In August, the Board issued a decision discontinuing the Rail Fuel Surcharges (Safe Harbor) proceeding, in which the Board had sought comment on whether to modify or remove the “safe harbor” provision of its current fuel surcharge rules.  Ex Parte 661 (Sub-No. 2) (STB served Aug. 29, 2019).  This proceeding began in May 2014, when the Board issued an advanced notice of proposed rulemaking (ANPRM) to better understand “whether the sort of growing spread between” safe harbor HDF Index-based costs and actual costs seen in Cargill, Inc. v. BNSF Ry., NOR 42120, (STB served Aug. 12, 2013), “was unique to BNSF during a period of particularly high price volatility (or instead a widespread phenomenon in the rail industry).”  Id., slip op. at 2.  The ANPRM was also issued to “determine whether to modify or remove the safe harbor provision.”  Id.  The Board stated that the comments and replies received in response to the ANPRM were “varied,” and many did not directly address the issue raised.  Id.  The Board explained that, since the comment period, it has been unable to reach a majority decision on what action to take in response to the comments received.  Id., slip op. at 3.  Therefore, “the Board Members agree that this docket should be discontinued.”  Id. 

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RAILROADS: The Board Proposes to Revise its Methodology for Determining the Railroad Industry’s Cost of Capital

In October, the Board issued a notice of proposed rulemaking to revise its methodology for determining the cost-of-equity component of the cost of capital.  Revisions to the Board’s Methodology for Determining the R.R.  Indus.’s Cost of Capital, Ex Parte 664 (Sub-No. 4) (STB served Oct. 11, 2019).  The proposed rule would add a third model, in addition to the two models (the Capital Asset Pricing Model (CAPM) and the Morningstar/Ibbotson Multi-Stage Discounted Cash Flow Model (MSDCF)) currently used.  Id., slip op. at 3.  The new model, called “Step MSDCF,” would continue to calculate growth of earnings in three stages, like MSDCF.  The first and third stages would be the same as those of MSDCF.  The growth rate of the second stage (years six through 10) of Step MSDCF “would be a gradual transition between the first and third stages.”  Id., slip op. at 5.  Under the proposal, the Board would calculate the cost of capital by using the average of the three models, weighted as follows: CAPM at 50%, MSDCF at 25%, and Step MSDCF at 25%.  Id., slip op. at 3.  As the Board noted, since its move in 2009 from a cost-of-equity estimate based solely on CAPM to one based on the simple average of the CAPM and MSDCF estimates, it has considered revising this calculation at various times.  Id., slip op. at 4-6.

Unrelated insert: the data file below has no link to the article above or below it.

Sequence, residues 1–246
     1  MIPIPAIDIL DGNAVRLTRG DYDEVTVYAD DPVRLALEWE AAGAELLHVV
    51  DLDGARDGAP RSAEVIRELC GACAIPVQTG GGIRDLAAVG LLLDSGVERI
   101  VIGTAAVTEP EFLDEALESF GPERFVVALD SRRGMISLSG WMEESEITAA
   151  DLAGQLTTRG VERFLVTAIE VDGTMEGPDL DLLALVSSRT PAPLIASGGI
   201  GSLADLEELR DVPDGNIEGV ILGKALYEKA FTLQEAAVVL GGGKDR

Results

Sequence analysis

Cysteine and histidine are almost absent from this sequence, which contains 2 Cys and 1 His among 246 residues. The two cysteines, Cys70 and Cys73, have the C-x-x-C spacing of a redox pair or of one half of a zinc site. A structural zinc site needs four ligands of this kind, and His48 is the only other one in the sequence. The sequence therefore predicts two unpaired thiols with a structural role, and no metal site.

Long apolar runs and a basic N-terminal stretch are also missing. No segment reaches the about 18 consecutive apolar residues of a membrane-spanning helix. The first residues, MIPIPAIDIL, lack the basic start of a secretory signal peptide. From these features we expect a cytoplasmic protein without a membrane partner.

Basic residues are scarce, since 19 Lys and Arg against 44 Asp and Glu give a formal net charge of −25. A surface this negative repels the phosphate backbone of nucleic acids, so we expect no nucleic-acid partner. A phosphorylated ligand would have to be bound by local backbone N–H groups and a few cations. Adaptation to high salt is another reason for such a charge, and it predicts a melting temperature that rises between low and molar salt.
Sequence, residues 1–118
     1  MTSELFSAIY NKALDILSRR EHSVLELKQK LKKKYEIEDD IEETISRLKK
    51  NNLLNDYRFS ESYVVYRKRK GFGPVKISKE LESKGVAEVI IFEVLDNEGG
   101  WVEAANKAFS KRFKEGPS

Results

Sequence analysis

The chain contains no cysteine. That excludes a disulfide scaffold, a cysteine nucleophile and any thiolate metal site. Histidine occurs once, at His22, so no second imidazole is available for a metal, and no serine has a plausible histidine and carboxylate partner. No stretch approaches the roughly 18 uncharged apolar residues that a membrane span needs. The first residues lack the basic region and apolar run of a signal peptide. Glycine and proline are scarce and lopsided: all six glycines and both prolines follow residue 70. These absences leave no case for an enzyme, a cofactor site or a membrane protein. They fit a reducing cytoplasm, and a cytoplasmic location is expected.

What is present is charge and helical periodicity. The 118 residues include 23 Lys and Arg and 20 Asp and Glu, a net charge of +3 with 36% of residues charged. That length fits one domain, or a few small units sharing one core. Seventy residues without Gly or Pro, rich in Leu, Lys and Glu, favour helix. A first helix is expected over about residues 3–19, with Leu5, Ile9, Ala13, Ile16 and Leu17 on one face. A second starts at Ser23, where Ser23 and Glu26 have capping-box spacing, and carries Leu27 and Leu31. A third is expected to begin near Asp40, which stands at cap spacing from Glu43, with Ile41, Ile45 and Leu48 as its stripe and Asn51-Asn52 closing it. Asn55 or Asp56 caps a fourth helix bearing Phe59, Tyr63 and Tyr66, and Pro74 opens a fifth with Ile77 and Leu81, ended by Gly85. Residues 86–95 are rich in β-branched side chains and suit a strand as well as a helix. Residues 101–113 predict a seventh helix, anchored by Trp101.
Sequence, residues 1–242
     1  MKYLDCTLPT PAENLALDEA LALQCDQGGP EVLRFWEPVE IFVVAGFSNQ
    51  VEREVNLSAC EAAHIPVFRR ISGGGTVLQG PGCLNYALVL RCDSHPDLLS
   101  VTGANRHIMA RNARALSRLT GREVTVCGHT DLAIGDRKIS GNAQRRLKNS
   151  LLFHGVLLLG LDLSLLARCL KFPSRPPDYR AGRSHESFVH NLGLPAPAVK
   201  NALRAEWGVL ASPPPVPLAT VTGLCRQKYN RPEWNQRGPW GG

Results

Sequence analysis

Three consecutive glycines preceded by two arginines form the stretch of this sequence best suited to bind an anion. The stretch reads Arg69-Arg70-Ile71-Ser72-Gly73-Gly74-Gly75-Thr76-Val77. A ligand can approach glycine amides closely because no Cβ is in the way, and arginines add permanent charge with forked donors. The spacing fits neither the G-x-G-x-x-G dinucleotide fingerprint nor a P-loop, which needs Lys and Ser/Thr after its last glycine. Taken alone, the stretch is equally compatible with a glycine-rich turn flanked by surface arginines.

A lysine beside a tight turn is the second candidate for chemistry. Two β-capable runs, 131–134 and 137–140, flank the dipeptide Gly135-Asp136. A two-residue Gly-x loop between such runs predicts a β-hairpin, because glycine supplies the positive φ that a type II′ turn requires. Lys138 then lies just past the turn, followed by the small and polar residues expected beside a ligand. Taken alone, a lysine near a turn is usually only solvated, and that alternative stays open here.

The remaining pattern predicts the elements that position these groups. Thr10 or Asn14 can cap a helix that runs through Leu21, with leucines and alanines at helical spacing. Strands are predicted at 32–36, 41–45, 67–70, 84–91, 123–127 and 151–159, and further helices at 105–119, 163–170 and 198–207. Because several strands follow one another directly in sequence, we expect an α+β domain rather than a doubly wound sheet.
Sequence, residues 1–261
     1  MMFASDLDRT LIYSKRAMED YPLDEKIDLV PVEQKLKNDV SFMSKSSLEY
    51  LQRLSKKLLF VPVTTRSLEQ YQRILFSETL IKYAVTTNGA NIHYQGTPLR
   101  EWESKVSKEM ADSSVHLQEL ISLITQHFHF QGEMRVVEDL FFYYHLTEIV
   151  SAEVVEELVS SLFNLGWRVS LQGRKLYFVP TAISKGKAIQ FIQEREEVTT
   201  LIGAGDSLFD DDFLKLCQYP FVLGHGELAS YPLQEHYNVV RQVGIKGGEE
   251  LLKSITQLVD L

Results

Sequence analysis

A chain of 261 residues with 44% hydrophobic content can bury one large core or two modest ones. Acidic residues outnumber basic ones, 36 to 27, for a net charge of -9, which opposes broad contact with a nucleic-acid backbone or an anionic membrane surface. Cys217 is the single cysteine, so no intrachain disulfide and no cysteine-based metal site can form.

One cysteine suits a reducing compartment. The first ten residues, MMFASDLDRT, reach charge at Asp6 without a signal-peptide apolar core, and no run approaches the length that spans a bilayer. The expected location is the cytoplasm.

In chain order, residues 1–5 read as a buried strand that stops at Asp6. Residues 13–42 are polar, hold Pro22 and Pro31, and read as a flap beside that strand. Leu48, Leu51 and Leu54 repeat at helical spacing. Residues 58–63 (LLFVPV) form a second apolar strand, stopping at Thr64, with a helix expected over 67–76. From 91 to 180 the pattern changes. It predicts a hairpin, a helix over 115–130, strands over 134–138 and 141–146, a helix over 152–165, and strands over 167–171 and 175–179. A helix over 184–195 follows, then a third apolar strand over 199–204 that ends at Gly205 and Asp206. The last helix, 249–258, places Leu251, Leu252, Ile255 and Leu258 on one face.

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RAILROADS: The Board Solicits Additional Information on Cost-Benefit Analysis Petition for Rulemaking

In November 2019, the Board issued a decision seeking additional information on integrating cost-benefit analysis into its rulemaking process.  Ass’n of Am. R.R.s—Petition for Rulemaking, Ex Parte 752 (STB served Nov. 4, 2019).  This decision was issued in response to a petition filed by AAR in March to institute a rulemaking to adopt rules that “would require a cost-benefit analysis in certain Board rulemaking proceedings and would set certain data requirements.”  Id., slip op. at 1.  Specifically, the Board sought information on the following four topics:

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2019 May - June Highlights: Railroads

This article summarizes the recent Surface Transportation Board (STB or Board) activities and decisions.